agree with tafka, if you tell people you're epileptic you may ending having to field questions and make up answers about that. If you really don't want to get into it you could just say 'Oh I don't want to talk about it' and deftly steer the conversation on to something else.

Blondeshavemorefun Sun 08-Nov-09 23:00:55

agree dont lie

just say medical reasons dont allow you to

verytellytubby Sun 08-Nov-09 23:05:26

Medical reasons and tell the nosy gits to sod off.

AitchTwoToTangOh Sun 08-Nov-09 23:08:31

just say 'i have had seizures, a bit like epilepsy but not quite'.

edam Sun 08-Nov-09 23:14:21

I have epilepsy and don't object to you using it as a reason - you do have a tendency to have seizures which is all epilepsy is, really. It's description of certain symptoms, not a specific condition like diabetes.

No-one with epilepsy will be harmed by you not going into huge detail about your particular circumstances, so why worry?

But agree 'for medical reasons' would be simpler.

Btw, wouldn't say I 'suffer' - epilepsy is like many other medical problems, there's a whole range from very severe and incapacitating to very easily managed. I'm in the lucky position of merely having to take two tablets a day and (touch wood and thank heavens) being fine.

edam Sun 08-Nov-09 23:16:19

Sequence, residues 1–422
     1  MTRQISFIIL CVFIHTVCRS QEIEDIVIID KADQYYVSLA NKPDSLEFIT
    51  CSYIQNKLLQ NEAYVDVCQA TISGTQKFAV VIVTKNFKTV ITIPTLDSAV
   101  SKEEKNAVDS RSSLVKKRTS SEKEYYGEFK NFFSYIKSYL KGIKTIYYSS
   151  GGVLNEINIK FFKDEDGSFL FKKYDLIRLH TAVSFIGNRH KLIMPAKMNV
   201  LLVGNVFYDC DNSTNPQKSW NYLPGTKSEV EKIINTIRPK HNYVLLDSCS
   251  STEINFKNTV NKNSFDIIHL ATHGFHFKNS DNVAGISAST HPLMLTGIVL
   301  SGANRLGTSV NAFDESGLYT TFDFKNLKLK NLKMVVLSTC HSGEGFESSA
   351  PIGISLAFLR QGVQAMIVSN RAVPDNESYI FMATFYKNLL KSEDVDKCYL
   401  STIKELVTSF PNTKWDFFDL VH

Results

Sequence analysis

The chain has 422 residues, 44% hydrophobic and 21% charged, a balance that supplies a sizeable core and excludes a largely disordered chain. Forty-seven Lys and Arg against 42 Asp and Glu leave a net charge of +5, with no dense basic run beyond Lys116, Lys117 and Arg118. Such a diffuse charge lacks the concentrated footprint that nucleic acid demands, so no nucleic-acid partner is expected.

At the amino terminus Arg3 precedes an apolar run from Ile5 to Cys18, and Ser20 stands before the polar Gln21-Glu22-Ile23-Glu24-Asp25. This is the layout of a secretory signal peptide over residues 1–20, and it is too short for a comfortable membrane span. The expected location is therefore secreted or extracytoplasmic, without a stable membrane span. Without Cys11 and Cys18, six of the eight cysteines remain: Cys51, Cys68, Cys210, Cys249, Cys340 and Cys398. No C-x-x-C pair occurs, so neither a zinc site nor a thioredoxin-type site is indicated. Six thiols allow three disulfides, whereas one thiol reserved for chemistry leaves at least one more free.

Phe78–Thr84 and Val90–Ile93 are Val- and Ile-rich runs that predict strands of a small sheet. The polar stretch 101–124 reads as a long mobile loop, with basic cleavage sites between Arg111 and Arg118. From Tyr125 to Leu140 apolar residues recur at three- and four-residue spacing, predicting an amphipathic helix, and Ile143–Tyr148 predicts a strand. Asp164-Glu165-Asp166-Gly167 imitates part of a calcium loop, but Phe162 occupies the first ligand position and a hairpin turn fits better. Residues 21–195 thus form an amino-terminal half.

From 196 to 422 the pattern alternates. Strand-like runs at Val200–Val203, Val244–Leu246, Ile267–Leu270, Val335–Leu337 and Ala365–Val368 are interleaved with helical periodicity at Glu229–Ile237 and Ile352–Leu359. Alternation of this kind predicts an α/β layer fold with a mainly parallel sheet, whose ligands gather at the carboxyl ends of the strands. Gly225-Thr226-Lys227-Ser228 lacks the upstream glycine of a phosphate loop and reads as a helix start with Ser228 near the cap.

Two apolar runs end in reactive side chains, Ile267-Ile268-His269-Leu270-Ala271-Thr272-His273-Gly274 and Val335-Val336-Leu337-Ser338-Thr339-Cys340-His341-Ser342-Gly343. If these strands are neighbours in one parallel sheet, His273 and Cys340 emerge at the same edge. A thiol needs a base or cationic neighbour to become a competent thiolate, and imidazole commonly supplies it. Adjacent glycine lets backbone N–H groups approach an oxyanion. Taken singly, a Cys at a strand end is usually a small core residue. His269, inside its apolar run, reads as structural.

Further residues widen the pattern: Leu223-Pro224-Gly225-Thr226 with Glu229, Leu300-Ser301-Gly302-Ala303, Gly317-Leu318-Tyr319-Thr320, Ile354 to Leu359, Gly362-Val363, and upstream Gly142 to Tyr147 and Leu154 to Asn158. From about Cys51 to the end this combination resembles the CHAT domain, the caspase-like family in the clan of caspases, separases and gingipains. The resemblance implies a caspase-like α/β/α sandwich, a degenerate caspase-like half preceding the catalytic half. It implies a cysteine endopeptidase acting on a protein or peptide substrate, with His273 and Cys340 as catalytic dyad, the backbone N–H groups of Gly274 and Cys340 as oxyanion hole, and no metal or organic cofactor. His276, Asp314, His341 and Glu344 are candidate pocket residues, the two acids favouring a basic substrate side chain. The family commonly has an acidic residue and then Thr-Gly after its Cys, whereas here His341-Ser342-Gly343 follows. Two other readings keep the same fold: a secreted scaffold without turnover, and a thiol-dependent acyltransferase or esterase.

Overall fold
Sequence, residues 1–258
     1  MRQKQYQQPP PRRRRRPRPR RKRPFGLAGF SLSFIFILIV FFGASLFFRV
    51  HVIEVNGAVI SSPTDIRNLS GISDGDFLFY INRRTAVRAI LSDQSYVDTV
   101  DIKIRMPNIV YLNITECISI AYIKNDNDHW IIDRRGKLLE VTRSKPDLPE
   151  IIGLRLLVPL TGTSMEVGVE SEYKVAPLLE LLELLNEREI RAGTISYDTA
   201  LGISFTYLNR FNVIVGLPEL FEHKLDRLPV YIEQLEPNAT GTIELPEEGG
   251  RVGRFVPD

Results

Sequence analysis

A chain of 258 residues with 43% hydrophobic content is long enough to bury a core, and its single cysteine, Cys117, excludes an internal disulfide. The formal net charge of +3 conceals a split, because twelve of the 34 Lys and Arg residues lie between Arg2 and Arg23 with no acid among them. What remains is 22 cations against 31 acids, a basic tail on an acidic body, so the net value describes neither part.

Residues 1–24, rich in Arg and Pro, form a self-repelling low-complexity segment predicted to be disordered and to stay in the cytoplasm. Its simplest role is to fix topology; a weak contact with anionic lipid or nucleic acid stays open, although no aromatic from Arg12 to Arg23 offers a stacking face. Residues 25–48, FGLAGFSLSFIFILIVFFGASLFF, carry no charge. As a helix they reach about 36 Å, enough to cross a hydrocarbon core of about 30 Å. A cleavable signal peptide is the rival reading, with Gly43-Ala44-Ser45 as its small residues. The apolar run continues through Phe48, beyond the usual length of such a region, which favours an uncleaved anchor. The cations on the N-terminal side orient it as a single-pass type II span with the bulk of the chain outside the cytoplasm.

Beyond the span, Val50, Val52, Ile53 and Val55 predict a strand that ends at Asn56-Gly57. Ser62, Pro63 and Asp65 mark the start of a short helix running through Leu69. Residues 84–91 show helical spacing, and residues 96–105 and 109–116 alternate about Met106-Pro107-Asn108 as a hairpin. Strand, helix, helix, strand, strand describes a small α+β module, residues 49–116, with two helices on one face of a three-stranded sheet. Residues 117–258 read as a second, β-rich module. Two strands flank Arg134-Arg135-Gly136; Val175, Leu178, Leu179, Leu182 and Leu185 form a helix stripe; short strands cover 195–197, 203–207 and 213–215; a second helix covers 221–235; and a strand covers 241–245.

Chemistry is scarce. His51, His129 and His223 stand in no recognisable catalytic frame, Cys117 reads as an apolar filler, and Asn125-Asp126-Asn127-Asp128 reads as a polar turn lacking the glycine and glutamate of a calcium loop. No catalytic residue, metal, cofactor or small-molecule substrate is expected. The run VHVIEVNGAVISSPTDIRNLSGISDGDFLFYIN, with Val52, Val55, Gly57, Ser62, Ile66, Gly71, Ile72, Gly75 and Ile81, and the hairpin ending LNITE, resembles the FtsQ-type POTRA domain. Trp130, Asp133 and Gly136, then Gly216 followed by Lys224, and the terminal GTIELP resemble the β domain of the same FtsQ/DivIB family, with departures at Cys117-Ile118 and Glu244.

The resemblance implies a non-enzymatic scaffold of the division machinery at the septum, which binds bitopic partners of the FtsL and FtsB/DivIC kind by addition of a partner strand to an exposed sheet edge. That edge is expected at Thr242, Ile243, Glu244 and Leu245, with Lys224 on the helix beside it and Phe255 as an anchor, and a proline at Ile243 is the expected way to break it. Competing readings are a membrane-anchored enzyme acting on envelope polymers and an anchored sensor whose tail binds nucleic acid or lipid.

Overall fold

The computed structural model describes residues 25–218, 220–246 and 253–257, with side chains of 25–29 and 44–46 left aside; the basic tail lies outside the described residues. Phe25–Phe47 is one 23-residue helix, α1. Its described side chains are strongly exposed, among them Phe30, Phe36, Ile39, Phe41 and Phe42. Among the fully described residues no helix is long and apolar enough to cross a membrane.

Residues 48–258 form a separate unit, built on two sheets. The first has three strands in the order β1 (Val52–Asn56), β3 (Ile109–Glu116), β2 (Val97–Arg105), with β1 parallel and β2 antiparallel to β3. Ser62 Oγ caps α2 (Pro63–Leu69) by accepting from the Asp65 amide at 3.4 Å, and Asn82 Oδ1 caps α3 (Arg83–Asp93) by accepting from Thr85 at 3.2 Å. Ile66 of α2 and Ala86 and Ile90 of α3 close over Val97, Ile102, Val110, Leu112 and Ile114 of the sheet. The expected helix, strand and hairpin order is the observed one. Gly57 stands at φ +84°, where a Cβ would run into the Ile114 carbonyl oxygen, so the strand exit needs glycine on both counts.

Actually thinking about it, epilepsy is the tendency to have repeated seizures - so you do have it as far as I can see!

dilemma456 Mon 09-Nov-09 10:03:09

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Firawla Mon 09-Nov-09 10:08:13

just say medical reasons, and if they push it say its similar 2 epilepsy. you dont really have to give the full details to them anyway?

diddl Mon 09-Nov-09 10:13:34

Tell them to fück off it´s not their business.

I don´t drive-because I don´t want to!

frazzled74 Mon 09-Nov-09 10:30:39

YANBU, and actually if you have suffered from more than one fit in the past (however minor and rare) and those fits are caused by a neurological disorder (meningitis), you are epileptic, epilepsy covers a wide range of conditions and symptoms.Apart from that its not really any ones business.I cant believe that anyone who has epilepsy is going to be so precious over the word that they would resent you using it as a quick and clear explanation.

shockers Mon 09-Nov-09 10:33:21

I agree... I have 2 Dc's with epilepsy and whilst I am not in the slightest but offended by you saying you have it, you may find that you will get asked questions about medication etc. I would just say medical reasons... if it's someone really nosy, they may ask questions but for most people, a short answer like that will field off any other questions.

UnquietDad Mon 09-Nov-09 10:34:44

I'm in the same position as edam.

I wouldn't lie, as it covers such a wide range and you're bound to be questioned about it.

BalloonSlayer Mon 09-Nov-09 10:37:20

DB couldn't drive for a year after suffering temporal lobe seizures. A - in his case very mild - form of epilepsy. He has never lost consciousness. He doesn't "suffer" at all, and has never suffered, yet is classed as a "real epileptic."

I wouldn't let it worry you, say what you like that'll make them shut up and leave you alone.

saggyhairyarse Mon 09-Nov-09 11:42:39

Don't lie about it only because god forbid anything should happen to you at work and they tell the ambulance crew/first aider you have epilepsy.

Just cheerily say 'it's a long story, another time' and give them the crush off.